Globalization’s new arbiters of taste

The New Yorker’s Peter Hessler visits Lishui, a factory art town in China and mass producer of cheap oil paintings for foreign markets.

Chen and Hu could rarely identify the foreign scenes they painted, but they had acquired some ideas about national art tastes from their commissions.

“Americans prefer brighter pictures,” Hu told me. “They like scenes to be lighter. Russians like bright colors too. Koreans like them to be more subdued, and Germans like things that are grayer. The French like that, too.”

Chen flipped to HF-3075: a snow-covered house with glowing lights. “Chinese people like this kind of picture,” she said. “Ugly!”… “Chinese people have no taste. French people have the best taste, followed by Russians, and then the other Europeans.”… “Americans are after that.”

Later in the article:

The Lishui experience seemed to contradict one of the supposed benefits of globalization: the notion that economic exchanges naturally lead to greater understanding. But Lishui also contradicted the critics who believe that globalized links are disorienting and damaging to the workers at the far end of the chain.

It’s an interesting point, although I think it’s a little too early to say.

I’m reminded instead of Mardi Gras: Made In China, a documentary that gets the reaction of Mardi Gras celebrants in New Orleans to videos and interviews with the Chinese women who make the Mardi Gras beads.

The most memorable part: they show videos of the Mardi Gras folks to the workers. Exposing mammary glands: not exactly what the women expected

5 thoughts on “Globalization’s new arbiters of taste

  1. People in favor of globalization say that it will help us understand each other better. I guess an understanding of the appreciation or art from others could help, but what type of art are we talking about here. I doubt this is stuff that gets sold at auction. I’m thinking more likely it’s what you see on the walls at your doctor or dentists office. I would guess that means that it is what the average person finds pleasing or comforting in that society. It is interesting to note the differences as well as the artists perceptions of who has better taste.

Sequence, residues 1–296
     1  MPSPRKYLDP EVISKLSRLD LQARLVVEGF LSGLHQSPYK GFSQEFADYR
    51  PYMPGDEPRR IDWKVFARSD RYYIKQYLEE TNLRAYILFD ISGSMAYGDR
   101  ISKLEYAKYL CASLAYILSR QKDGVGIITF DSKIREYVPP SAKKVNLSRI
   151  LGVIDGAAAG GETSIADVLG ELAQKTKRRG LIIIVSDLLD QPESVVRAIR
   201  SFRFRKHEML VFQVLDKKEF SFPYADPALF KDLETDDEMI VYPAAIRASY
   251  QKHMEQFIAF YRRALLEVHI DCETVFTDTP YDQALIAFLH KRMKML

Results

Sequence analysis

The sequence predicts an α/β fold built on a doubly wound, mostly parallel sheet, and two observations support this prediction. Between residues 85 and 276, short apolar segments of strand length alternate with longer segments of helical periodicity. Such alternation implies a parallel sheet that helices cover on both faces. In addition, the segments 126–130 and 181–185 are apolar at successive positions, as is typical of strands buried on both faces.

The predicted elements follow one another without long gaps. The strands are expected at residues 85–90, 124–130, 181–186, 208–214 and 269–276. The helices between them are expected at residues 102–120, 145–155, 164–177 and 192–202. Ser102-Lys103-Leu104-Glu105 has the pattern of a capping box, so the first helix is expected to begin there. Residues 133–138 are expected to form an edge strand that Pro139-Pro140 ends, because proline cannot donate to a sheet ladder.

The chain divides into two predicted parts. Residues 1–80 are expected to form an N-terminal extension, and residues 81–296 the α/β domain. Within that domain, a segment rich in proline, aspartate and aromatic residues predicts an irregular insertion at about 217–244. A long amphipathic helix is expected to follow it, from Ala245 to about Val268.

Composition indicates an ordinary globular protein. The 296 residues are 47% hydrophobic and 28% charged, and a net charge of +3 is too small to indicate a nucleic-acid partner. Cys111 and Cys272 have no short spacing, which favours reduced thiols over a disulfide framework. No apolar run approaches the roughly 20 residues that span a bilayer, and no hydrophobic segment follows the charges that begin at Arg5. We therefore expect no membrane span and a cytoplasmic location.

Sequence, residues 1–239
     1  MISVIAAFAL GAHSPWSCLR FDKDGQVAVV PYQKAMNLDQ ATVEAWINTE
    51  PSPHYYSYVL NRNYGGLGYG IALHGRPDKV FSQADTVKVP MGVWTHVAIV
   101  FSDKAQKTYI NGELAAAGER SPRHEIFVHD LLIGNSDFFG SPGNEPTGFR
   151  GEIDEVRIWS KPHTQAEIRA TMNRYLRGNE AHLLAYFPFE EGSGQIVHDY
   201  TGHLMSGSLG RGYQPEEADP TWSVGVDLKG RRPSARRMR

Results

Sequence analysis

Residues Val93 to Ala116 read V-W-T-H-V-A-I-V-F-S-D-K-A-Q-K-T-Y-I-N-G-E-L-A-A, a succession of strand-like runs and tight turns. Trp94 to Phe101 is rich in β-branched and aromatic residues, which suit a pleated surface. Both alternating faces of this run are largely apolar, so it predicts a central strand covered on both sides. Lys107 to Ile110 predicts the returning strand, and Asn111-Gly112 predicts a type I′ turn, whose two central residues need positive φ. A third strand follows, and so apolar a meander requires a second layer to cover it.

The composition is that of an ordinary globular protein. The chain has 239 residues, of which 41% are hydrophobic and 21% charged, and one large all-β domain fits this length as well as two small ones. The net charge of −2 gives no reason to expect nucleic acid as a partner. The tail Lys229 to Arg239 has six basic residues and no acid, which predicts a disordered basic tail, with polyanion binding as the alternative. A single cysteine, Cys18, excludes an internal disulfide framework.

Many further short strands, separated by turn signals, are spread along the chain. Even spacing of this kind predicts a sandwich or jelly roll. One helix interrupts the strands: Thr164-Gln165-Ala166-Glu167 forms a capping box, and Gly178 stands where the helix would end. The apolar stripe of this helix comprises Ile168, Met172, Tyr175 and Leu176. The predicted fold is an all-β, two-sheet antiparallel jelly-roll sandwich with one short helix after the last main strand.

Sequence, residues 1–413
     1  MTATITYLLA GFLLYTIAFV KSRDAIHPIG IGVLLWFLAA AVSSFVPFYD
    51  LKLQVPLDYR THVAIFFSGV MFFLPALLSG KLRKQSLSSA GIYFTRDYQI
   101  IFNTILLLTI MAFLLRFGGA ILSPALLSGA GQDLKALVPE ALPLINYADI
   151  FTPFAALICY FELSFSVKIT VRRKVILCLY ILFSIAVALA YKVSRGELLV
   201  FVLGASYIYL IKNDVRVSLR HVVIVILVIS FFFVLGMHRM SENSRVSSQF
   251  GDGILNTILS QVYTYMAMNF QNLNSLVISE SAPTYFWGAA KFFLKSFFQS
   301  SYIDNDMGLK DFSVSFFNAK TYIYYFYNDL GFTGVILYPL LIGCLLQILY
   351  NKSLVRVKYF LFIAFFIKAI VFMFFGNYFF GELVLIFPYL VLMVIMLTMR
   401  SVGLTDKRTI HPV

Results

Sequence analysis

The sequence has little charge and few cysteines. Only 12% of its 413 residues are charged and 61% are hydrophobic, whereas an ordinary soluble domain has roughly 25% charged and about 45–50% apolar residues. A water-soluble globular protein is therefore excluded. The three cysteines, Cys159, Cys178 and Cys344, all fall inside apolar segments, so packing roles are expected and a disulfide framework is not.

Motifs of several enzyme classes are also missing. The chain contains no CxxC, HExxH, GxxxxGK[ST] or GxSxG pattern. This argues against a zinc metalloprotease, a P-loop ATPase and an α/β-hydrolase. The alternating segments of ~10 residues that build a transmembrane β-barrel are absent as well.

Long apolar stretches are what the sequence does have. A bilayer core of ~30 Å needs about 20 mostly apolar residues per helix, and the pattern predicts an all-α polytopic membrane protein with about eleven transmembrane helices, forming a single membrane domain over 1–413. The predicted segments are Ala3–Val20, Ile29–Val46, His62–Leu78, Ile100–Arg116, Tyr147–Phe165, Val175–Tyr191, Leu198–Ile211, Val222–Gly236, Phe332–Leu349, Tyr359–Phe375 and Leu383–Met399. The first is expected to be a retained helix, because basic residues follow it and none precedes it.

I have to agree that this is a case that distracts us from the uglier side of globalization. There have certainly have been benefits for many people, but there is a long way to go. The ability to reproduce art and make a living is great, but it’s not something that’s going to help very many people. One step at a time I guess.

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  3. A side note to international taste in paintings – the Russian artistst Komar and Melamid did a great project on this, called “the most wanted paintings”… They polled people from different countries on what they would like best in a painting (scenery, animal, people…) und created the most and least wanted painting.
    Here’s the story:
    and here are the paintings:

  4. Chris,

    This is a totally foolish film and your post followed as a natural consequence. No sense to present or ever dare to analyze anything under this kind of perspective or circumstance. The absurds of trade, the selling and buying of products (of all natures) to and from other places, name it globalization (or better, blame it on globalization) are many and must be addressed seriously as there are a lot to be addressed.

    For example, what would you think of a movie which, instead of Chinese and drunk Americans, showed outraged puritan Norwegians workers presented with images of the deceased and injured African and Asian children they “helped” to hurt and kill because they work for one of the world’s largest exporter of weapons. Norway, the placid pacific and nation is one of the largest exporters of weapons int he world, the companies which produce the weapons hire typical Norwegian workers, a lot of disabled people by the way, to produce, pack and export them. Peace is somehow being sustained by the war…

    What if the film actually interviewed final weapon users, soldiers of all kinds and fronts, and heard the opinion of weapon producing workers, those lovely blue eyed ladies and gentlemen born and raised in the HDI ‘s leading country who have no clue about what is going on the other end of the trade line and prefer to remain this way… Is it fun or totally nonsensical?

    It is superficial and it is senseless to deal with serious issues of trade this way. It also tried to diminish the Chinese people with scenes filled with prejudice and bad judgment. I don’t think it is cheap polemic what you are looking for here…

  5. As a Frenchman I’m very glad to know that Chinese consider us to have the best taste for cheap oil paints in the world. It should be added in the Commitment to Development Index of the CGD index where France performs as poorly as usual:

    Thanks very much for your blog, it’s always interesting and accurate.